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Jeremy Vine hits out at 'loud minority' opposing CS9

“If Hieronymus Bosch had lived in 2018 he would have used the Hammersmith roundabout to inspire his painting ‘Visions of Hell’”

Jeremy Vine has said that it is “sad” that taking space away from cars and giving it to bikes has become such a divisive issue. The Radio 2 presenter was responding to complaints made about CS9 in the wake of the recent consultation which saw those in favour outnumbering opponents by three to two.

A letter published in the London Evening Standard last week said: “It is appalling that our quality of life will be reduced on the basis of a half baked consultation.”

Vine seemed exasperated by the tone, saying: “All I want is to be able to say to my young daughters, ‘Let’s cycle to Trafalgar Square’... and be able to do the seven miles on a protected cycleway. Or even to go shopping, less than a mile. This is not revolutionary — and I’m not alone.”

He went on to cite some of the bizarre objections to the project.

“Those against the scheme, the minority 40%, were far louder,” he said.

“They complained that the cycle path will be used by ‘snatch thieves for planned heists from jewellers’; would ‘prevent high-speed police chases’; and even that it would increase rudeness.

“Some residents dread being trapped in their streets, as if passing cyclists are more frightening than the vans and buses who will now give way to them.”

Referring to the current layout, he added: “If Hieronymus Bosch had lived in 2018 he would have used the Hammersmith roundabout to inspire his painting ‘Visions of Hell’.”

A 2016 INRIX report into congestion concluded that Transport for London’s £4 billion Road Modernisation Plan, together with the £15 billion Crossrail programme, would ultimately reduce congestion by 20 per cent and characterised the ongoing construction work as “short term pain for long term gain.”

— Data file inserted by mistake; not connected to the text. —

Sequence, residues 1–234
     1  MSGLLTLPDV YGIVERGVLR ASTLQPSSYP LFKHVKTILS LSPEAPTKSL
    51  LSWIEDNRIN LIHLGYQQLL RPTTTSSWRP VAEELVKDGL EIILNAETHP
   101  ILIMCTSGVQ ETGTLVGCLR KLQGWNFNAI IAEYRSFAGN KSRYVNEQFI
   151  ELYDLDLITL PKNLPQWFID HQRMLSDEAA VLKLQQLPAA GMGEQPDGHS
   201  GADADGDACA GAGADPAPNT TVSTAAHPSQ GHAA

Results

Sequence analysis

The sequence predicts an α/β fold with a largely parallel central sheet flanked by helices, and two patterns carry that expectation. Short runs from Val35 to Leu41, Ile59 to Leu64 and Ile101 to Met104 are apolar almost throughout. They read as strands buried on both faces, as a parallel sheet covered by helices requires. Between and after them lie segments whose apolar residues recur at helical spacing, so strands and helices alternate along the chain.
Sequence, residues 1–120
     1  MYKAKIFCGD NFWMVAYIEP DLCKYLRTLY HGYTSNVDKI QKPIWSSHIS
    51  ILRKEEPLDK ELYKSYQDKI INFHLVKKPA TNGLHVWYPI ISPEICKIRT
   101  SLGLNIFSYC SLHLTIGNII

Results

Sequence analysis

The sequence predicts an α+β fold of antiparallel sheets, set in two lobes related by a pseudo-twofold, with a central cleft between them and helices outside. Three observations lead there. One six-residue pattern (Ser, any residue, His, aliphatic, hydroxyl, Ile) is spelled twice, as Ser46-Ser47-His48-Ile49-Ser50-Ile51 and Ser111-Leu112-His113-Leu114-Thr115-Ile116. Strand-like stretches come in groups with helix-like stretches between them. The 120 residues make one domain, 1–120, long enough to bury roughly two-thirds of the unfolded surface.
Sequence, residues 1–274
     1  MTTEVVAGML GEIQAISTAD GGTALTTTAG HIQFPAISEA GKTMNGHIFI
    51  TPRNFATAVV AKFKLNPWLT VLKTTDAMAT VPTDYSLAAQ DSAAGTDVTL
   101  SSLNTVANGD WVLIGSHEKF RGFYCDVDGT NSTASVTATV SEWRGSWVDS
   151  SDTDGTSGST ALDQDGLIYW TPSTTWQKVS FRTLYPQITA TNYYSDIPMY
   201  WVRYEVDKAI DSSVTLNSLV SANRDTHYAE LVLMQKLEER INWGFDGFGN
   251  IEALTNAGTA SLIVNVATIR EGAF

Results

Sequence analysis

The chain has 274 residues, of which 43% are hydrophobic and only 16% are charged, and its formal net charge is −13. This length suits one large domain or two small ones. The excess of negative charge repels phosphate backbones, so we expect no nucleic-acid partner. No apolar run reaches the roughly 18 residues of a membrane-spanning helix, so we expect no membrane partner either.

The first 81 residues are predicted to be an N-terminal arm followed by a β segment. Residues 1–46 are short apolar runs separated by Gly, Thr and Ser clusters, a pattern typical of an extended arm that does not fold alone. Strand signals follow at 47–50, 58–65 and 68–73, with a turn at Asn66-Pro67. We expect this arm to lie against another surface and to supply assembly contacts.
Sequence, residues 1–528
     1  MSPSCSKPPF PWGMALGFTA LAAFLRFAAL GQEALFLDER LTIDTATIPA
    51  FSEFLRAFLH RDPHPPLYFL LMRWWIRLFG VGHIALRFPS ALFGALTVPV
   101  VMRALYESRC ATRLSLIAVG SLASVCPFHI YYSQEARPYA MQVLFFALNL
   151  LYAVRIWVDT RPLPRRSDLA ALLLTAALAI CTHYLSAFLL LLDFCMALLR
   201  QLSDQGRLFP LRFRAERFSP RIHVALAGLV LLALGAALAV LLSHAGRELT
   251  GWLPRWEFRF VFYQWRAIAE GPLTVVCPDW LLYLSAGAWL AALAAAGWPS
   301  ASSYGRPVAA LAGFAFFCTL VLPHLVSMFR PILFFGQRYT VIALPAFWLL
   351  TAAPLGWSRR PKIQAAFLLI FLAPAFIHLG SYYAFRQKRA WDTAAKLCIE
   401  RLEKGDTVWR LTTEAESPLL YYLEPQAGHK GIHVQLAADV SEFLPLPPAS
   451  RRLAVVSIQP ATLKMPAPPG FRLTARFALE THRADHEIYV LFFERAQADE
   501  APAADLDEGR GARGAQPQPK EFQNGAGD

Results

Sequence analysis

Vine views the work similarly.

“For sure, the construction period won’t be fun. But after that, surely we can look forward to cleaner air, fewer vehicles, safer streets, and less worry about our kids?”

Alex has written for more cricket publications than the rest of the road.cc team combined. Despite the apparent evidence of this picture, he doesn't especially like cake.

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10 comments

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Cugel | 6 years ago
5 likes

There's no real solution in building cycling infrastructure .... nor any need for such a "solution" since we already have acres of roads very suitable for cycling. Or they would be if motorised traffic didn't degrade them and present a highly dangerous obstacle to cycling on roads in safety.

The real solution is to deal with the blight that is the car, van & lorry. They are the problem, not lack of cycling infrastructure. Moreover, were their dangers to be dealt with via much more draconian enforcement of already existing law, the only cost would be the policing. This could easily be recouped via the fines and car-confiscations.

Until the dangerous and damaging car et al are dealt with, there will never be any fully-realisable safe cycling infrastucture that's anything more than a near-empty gesture or some inadequate lines painted on the road.

Of course, the car-addicted voters will not agree to limitations on their Toad-style driving and so effective restraint of their damaging behaviours will never happen. Best that, instead, all study how to deal with sudden bereavement and/or a high degree of car-wreaked disablemet, in yourself or your loved ones. There are plenty of experienced folk who can inform you about how to deal with these things (as far as they can be dealt with).

Cugel

Avatar
maviczap replied to Cugel | 6 years ago
2 likes
Cugel wrote: